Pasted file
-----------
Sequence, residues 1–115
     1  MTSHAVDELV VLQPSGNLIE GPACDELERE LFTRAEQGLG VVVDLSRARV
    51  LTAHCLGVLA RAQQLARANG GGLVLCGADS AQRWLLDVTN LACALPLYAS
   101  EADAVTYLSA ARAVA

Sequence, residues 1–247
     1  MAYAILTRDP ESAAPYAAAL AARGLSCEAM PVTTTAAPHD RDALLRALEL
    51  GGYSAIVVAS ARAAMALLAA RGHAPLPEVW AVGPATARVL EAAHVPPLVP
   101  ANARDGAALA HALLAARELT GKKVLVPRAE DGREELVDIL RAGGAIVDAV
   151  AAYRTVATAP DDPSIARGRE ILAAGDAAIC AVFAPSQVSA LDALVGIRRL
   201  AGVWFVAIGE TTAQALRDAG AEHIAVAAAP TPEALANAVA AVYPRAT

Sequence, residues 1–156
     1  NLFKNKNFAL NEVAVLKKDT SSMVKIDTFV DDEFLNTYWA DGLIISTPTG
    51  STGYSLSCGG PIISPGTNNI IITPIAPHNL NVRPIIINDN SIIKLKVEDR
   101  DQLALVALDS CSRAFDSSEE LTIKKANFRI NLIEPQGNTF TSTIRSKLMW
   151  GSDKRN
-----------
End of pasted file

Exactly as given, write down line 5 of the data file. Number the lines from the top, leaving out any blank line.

Sequence, residues 1–247